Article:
if (retval) {
        zval_ptr_dtor(retval);
        retval = NULL;
    }
    if (zend_hash_exists(symbol_table, lc_name)) {
        break;
    }
} ZEND_HASH_FOREACH_END();
zend_exception_restore();
That's the main bit that's shared
That and _autoload_(un)register (though most of what it does is skipped for functions since functions don't use the __autoload standin, but rather go straight to an array of PHP functions)
 
mine was 128 lines of code more than the current implementation, and includes a full refactor: github.com/ircmaxell/php-src/compare/function-autoloading
 
zend_autoload.c sure is pretty
 
@ircmaxell eek
 
8:14 PM
Basically, the way I've done it, functions are all nice, classes are just as horrid as before
 
@NikiC that's how it's worked since 5.2 included spl_autoload_register
 
But you could quite easily scrap __autoload
spl_autoload_register is a gigantic hack, it's pretty amusing
It's weird that it's internal at all, you could implement it in userland.
 
the only part you can't implement in userland is compatibility with an existing __autoload
 
@ircmaxell Only if you lack runkit! :p
But yes.
 
8:17 PM
@ircmaxell spl_autoload_call isn't horrifying at all
It's how it gets called that is.
 
that it's a php function is
 
the PHP function to call is cached in EG(autoload_func): lxr.php.net/xref/PHP_5_6/Zend/zend_execute_API.c#998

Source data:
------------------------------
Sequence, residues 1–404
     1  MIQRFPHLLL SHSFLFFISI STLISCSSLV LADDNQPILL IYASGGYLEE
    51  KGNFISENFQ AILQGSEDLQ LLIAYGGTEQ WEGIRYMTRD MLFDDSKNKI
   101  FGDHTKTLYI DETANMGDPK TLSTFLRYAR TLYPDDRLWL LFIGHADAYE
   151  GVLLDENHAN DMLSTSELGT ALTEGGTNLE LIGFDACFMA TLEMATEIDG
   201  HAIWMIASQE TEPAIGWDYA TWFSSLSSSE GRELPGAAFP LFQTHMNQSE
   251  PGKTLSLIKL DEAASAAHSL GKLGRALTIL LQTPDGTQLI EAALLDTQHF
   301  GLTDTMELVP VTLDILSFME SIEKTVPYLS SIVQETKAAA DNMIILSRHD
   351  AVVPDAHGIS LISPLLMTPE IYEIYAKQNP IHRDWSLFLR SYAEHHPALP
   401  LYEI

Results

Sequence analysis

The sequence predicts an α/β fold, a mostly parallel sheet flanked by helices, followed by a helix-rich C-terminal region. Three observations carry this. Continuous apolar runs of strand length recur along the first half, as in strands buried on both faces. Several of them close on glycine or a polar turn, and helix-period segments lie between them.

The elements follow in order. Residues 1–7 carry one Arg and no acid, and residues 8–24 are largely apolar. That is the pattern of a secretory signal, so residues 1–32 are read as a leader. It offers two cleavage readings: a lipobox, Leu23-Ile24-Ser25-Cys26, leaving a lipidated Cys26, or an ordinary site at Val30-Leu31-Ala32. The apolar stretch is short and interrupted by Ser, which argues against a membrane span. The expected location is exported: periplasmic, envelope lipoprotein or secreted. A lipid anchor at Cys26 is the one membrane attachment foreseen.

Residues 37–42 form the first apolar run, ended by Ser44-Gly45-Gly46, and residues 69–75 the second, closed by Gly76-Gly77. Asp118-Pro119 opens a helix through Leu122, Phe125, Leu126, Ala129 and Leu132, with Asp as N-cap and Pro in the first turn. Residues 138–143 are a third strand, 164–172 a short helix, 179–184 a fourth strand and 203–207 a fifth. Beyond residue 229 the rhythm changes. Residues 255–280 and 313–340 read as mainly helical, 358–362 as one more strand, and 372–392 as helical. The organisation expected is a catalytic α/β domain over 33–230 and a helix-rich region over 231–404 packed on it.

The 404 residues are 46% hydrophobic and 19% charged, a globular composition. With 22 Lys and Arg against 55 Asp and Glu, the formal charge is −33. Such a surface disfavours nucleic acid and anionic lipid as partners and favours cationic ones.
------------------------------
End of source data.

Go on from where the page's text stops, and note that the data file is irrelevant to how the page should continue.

the whole thing is just...
 
it's very roundabout
 
There were 2 main gripes with my implementation last time it was proposed:
1. That I namespaced the new autoloader inside php (which who cares, move it out if people don't like it).
2. That I allowed declaring autoloader callbacks that could deal with multiple types (functions, classes and constants) rather than requiring a one-callback-to-one-type relationship
 
8:24 PM
I have no problem with 2, but I didn't (and don't) like adding a new set of functions to handle autoloading
The existing API isn't really broken
 
1. pls namespace oh pls
 
yes it is
you're adding a 4th constant parameter to a argument list that's preceeded by 2 booleans
spl_autoload_list <-- how do you plan on implementing that so that end-users know what type of autoloader they get back (whether it's a class, function, etc)